WASHINGTON -- Distributing fuel was perhaps the most challenging job for the 1st Armored Division Sustainment Brigade as it served as the logistics headquarters in Afghanistan last year, its commander recently said.

In its six-month deployment from May to November, the unit distributed more than 380 million gallons of fuel throughout Afghanistan -- which is landlocked and roughly the size of Texas.

As part of the mission, it re-postured fuel distribution and storage assets across the mountainous country to improve resupply operations through the air and on the ground, said Col. Michael Lalor, the sustainment brigade commander. He spoke about his brigade's efforts in Afghanistan during a press conference Feb. 14 at the Pentagon.

"It's not easy to [transport] fuel. You have to get it to the right place at the right time, you have to make sure it's of the right quality, and you have to make sure you have storage on one end and distribution capability on the other end," he said. "That's what always kept me up at night."

Instead of only using fuel tankers, his brigade also used expeditionary fuel equipment, such as deployable bags and hose systems, as part of aerial resupply missions to remote, austere areas.

The brigade even helped bring in combat vehicles and other equipment to support the Army's first Security Force Assistance Brigade, which is expected to arrive in Afghanistan this spring.

The SFAB, one of six planned brigades, is specifically built to train, advise and assist the Afghans.

"We refocused on building capacity and depth in our sustainment equipment to reach units in the field," Lalor said. "This was important because the mission in Afghanistan continues to evolve and during our [deployment] the length and expanse of the U.S. and coalition advising mission increased -- we adjusted to meet that demand."

The 3rd Infantry Division Sustainment Brigade has since replaced Lalor's brigade and continues those operations.

Midway through the brigade's deployment, in August, President Donald Trump ordered changes that affected operations in Afghanistan. As a result of those changes, there would no longer be a timeline for the withdrawal of U.S. troops. Instead, withdrawal from Afghanistan would be conditions-based. This meant troops would remain in place until conditions improved and Afghan security forces could maintain security on their own.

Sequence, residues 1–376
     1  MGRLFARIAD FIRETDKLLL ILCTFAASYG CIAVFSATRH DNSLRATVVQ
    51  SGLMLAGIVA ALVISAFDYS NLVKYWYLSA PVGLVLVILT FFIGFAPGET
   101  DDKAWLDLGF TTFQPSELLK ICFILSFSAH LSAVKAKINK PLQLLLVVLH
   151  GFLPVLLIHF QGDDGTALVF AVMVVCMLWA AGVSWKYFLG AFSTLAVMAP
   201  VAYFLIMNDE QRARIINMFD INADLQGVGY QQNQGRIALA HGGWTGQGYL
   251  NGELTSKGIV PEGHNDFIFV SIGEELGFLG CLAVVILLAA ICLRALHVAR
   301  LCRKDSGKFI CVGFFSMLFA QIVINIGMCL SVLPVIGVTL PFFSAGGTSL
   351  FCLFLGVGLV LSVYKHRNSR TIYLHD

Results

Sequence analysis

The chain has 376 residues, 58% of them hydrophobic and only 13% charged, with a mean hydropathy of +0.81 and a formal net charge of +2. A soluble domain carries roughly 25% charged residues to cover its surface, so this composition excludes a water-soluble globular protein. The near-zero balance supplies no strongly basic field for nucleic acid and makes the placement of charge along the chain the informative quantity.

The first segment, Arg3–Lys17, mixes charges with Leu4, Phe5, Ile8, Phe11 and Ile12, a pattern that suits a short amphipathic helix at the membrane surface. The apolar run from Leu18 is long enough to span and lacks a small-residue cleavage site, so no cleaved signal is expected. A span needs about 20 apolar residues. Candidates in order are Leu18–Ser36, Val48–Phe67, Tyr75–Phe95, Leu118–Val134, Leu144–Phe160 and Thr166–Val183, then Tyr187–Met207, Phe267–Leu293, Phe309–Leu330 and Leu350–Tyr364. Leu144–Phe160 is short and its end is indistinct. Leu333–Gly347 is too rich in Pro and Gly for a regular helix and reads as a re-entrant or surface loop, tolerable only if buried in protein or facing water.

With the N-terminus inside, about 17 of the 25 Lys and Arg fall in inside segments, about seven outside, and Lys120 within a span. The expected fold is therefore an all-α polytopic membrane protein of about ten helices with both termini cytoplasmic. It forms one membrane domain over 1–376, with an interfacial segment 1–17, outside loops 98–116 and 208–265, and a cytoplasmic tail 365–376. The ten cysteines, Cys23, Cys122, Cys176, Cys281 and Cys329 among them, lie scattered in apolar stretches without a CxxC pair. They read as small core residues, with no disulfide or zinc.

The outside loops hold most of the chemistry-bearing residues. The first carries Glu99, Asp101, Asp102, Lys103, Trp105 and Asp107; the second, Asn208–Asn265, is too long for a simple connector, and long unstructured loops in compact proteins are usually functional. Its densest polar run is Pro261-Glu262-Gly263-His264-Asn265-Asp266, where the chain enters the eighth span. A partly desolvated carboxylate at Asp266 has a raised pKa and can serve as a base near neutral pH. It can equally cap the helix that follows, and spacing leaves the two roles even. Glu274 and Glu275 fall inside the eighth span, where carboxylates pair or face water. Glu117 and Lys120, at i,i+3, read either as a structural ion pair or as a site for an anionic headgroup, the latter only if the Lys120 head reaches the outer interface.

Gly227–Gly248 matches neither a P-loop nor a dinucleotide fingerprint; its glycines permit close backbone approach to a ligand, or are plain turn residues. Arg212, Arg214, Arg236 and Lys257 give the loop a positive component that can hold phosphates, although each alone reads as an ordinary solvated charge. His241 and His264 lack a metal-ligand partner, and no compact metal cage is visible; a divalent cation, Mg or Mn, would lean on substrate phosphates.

The sustainment brigade's mission also expanded to an advise role to support Afghan logisticians.

"We taught and coached the Afghan security forces, improving areas that included supply and fuel accountability, enabling them to run their own operations more effectively," Lalor said.

After three separate deployments to Afghanistan, the colonel said he has seen firsthand a progression of the Afghan military. In his first tour in 2003, his unit helped build the Afghan army. On his second tour in 2013-14, his unit transitioned control of day-to-day warfighting to the Afghan security forces. Last year, his brigade worked to improve the professionalism and proficiency of their logistics corps.

"You see the growth," he said. "They're not in emergency mode as much in their resupply now. They're more steady-state. But they have a ways to go and I think they would acknowledge that as well."

While the sustainment brigade's efforts in Afghanistan may have been largely unnoticed, Lalor said that isn't necessarily a bad thing.

The colonel likens the job of logisticians to offensive linemen in American football.

"We are often unrecognized, doing the tough and unsung work," he said. "No one notices us until we make a timely mistake, and our 'quarterback' is sacked and separated from the ball at the wrong time.

"That's when we get attention, the wrong type of attention, and it is for all to see. During this tour, our leaders stood clean and upright in the pocket, surveyed the field, and kept moving the mission in Afghanistan forward."